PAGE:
1. Vary your answers. If you're called back to interview with different managers, find ways to make the same information sound different. Don't describe the same project you managed to all five interviewers. Instead, describe a different project in each of the successive interviews.
2. Activate your interpersonal antennae. As quickly as possible, try to "read" the various personality types and adjust to them. Ms. Schachtman advises applicants to "find a way to connect with each interviewer, to make some sort of contact. If you regard the team interview as an opportunity to put your group management and group presentation skills on display, you should do fine."
3. Expect to feel additional stress. You'll have less time to frame your answers than during traditional interviews, when the interviewer might take notes before asking another question. But with several people doing the questioning, you don't have this luxury, because while one person is taking notes, another will jump in with the next question.
"When you have three different people asking you questions in one sitting, you're bound to be more tense than in the traditional one-on-one interview," says Ms. Lucy. "Make the best of the situation by trying to interpret what kind of response they're looking for."
4. Recognize that interviewers are human. Most understand that you're nervous and will try to make the experience as comfortable as possible. They're not interested in seeing you squirm. Their job is to determine if your talents will mesh with the opening.
5. Practice in advance. Assemble three or four friends or relatives with different personalities and have them ask a series of questions without pausing in between. This should replicate an actual team-interview situation. Ask for feedback on which of your answers impressed the mock interviewers and why.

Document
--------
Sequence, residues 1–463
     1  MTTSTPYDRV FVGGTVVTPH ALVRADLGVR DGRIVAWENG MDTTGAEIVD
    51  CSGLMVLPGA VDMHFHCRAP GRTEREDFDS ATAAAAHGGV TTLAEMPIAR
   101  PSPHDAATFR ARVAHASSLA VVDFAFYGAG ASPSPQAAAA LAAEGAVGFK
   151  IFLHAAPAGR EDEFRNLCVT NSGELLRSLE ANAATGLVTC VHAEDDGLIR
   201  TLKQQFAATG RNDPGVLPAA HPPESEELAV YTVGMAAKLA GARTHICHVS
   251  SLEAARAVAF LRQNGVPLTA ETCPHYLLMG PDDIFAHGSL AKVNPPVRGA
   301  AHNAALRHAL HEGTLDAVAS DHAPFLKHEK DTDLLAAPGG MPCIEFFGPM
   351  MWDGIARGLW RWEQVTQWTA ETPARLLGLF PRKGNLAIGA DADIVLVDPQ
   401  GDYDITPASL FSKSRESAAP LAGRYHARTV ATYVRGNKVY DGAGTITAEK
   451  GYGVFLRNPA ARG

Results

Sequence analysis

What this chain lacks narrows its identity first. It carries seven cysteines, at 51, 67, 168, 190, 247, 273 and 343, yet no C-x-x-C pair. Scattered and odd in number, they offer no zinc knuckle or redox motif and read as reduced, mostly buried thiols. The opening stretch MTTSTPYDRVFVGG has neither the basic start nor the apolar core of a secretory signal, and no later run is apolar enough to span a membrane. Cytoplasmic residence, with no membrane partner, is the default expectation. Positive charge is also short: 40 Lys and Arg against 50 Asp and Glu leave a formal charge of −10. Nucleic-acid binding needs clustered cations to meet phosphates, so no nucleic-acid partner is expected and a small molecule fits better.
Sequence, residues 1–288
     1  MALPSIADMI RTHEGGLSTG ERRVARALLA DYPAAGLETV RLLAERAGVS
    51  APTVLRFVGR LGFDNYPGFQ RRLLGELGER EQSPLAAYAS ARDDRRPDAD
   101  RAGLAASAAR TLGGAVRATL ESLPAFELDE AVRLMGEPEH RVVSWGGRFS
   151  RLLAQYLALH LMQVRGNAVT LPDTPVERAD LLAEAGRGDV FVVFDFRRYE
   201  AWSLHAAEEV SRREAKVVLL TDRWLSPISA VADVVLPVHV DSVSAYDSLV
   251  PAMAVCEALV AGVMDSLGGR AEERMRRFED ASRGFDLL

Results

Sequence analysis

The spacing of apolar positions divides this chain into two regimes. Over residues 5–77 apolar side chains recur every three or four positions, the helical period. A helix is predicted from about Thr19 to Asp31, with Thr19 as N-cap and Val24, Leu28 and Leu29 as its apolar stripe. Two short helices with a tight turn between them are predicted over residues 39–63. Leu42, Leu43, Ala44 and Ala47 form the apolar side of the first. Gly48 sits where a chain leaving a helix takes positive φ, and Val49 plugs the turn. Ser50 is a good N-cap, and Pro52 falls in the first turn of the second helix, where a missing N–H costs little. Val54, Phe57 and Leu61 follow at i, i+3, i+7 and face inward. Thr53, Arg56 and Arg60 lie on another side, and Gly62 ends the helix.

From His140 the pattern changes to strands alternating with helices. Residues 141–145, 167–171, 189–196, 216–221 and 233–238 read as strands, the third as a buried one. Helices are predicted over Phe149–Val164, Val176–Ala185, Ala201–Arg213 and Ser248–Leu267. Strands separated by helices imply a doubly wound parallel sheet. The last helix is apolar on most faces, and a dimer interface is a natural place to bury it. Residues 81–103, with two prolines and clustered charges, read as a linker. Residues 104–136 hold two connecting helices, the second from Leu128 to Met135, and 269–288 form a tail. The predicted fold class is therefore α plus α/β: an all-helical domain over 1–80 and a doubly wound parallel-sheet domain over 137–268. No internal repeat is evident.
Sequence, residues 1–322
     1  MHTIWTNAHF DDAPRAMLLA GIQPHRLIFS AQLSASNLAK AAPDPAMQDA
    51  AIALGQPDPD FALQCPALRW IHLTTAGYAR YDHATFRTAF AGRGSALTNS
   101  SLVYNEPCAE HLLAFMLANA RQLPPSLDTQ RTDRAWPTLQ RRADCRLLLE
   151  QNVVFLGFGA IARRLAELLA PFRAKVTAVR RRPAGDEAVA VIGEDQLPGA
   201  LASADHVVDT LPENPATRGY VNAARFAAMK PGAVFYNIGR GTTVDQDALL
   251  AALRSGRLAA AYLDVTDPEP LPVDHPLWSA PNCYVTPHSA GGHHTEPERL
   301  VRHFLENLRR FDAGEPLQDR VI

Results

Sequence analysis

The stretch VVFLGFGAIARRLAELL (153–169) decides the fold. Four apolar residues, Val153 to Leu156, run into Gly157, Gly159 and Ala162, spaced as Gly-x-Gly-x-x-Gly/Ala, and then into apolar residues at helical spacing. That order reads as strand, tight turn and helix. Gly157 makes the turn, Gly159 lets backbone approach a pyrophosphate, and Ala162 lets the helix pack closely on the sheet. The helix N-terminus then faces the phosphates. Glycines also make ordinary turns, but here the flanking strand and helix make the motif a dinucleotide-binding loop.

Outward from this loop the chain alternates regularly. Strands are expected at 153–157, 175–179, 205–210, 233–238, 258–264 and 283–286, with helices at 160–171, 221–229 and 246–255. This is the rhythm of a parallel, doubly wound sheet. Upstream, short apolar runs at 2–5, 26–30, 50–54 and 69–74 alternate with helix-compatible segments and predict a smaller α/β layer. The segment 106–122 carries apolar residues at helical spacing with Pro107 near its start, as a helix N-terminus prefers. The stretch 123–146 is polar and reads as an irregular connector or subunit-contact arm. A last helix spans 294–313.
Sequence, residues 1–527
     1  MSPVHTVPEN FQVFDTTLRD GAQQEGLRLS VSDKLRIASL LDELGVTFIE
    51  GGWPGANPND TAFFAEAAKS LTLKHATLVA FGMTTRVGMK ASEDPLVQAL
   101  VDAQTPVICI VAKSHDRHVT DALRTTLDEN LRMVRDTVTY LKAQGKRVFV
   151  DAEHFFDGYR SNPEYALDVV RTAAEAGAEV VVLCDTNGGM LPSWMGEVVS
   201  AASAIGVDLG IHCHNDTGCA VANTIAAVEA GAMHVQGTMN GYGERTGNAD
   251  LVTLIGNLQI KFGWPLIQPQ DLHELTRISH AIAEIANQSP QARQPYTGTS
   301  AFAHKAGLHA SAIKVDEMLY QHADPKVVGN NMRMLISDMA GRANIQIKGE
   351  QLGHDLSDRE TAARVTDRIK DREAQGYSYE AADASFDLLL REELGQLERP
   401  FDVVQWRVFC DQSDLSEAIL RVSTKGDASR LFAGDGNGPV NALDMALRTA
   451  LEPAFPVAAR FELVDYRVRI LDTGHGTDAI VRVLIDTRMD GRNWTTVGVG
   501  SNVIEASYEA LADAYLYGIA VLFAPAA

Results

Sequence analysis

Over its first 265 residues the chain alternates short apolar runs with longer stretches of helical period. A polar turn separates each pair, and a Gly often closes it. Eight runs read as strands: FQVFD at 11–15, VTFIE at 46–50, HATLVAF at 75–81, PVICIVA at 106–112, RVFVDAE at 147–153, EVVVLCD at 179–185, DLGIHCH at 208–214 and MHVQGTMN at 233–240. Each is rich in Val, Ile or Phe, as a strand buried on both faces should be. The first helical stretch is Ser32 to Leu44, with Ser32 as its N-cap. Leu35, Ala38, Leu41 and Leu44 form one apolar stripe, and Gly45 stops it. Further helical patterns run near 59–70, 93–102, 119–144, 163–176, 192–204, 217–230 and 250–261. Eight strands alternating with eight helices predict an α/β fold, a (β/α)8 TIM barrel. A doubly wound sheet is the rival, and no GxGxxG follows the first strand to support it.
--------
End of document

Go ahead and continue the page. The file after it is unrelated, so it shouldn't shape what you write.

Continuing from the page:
6. Know what characteristics to emphasize. List the 10 traits associated with the position you're seeking and prepare to demonstrate them during the session. Would creativity, presentation or facilitation skills be important? Ask people who are familiar with the kind of job you're seeking to create short tests that might allow you to illustrate your skills.
Ms. Lucy advises candidates to be prepared to explain why they meet the advertised requirements for the job. "With this information, you can shape your responses to reflect how well your experience matches the company's needs," she says.
7. Visualize yourself in the interview. Imagine you're a peak performer and see yourself standing out from other candidates. Make a recording of yourself answering the questions you think you'll be asked. As you play it back, assess your presentation. Are your comments interesting? Do you start your responses the same way? Do you include the word "we" in your comments, suggesting that you're part of the team? Does your sense of humor come across?
8. Ask good questions. If you've done your homework, you'll know the organization's culture and how you'll fit in. Ask questions that reflect your knowledge of that culture. For instance, you might say, "I've read that ABC Company believes in training its technicians on various aspects of the marketing process. How much time does that involve each year?" While asking the question, you've revealed your research about the company.
9. Learn to listen "between the lines." With several people asking questions consecutively, you won't have much time to prepare a response. However, if you read people well, you'll be able to respond to the concern underlying the interviewers' questions. Picking up on and responding to these issues is certain to impress an interview team.
For instance, if an interviewer says, "Here at ABC we have a long tradition of teamwork," what he or she wants to know is, "How good are your teamwork skills?" But if a team member says, "Teamwork isn't the answer to every question," you should provide a more balanced response.
"No, it's not," you might concur. "Some people do their best work in isolation. Einstein's contribution to quantum physics, for example, might have been hampered if he had had to work on a team. But on projects that require diverse backgrounds and experiences, teams produce better results than employees who don't communicate or collaborate."
10. Use the acronym, F-A-S-T, to structure your answers. Quickly remind yourself of the Focus or end result expected. Take a general approach by Amplifying on that focus. Provide some Specifics that show your firm grasp of the details surrounding the task. End by Tying up or summarizing what you've done and showing its relevance to the job's requirements.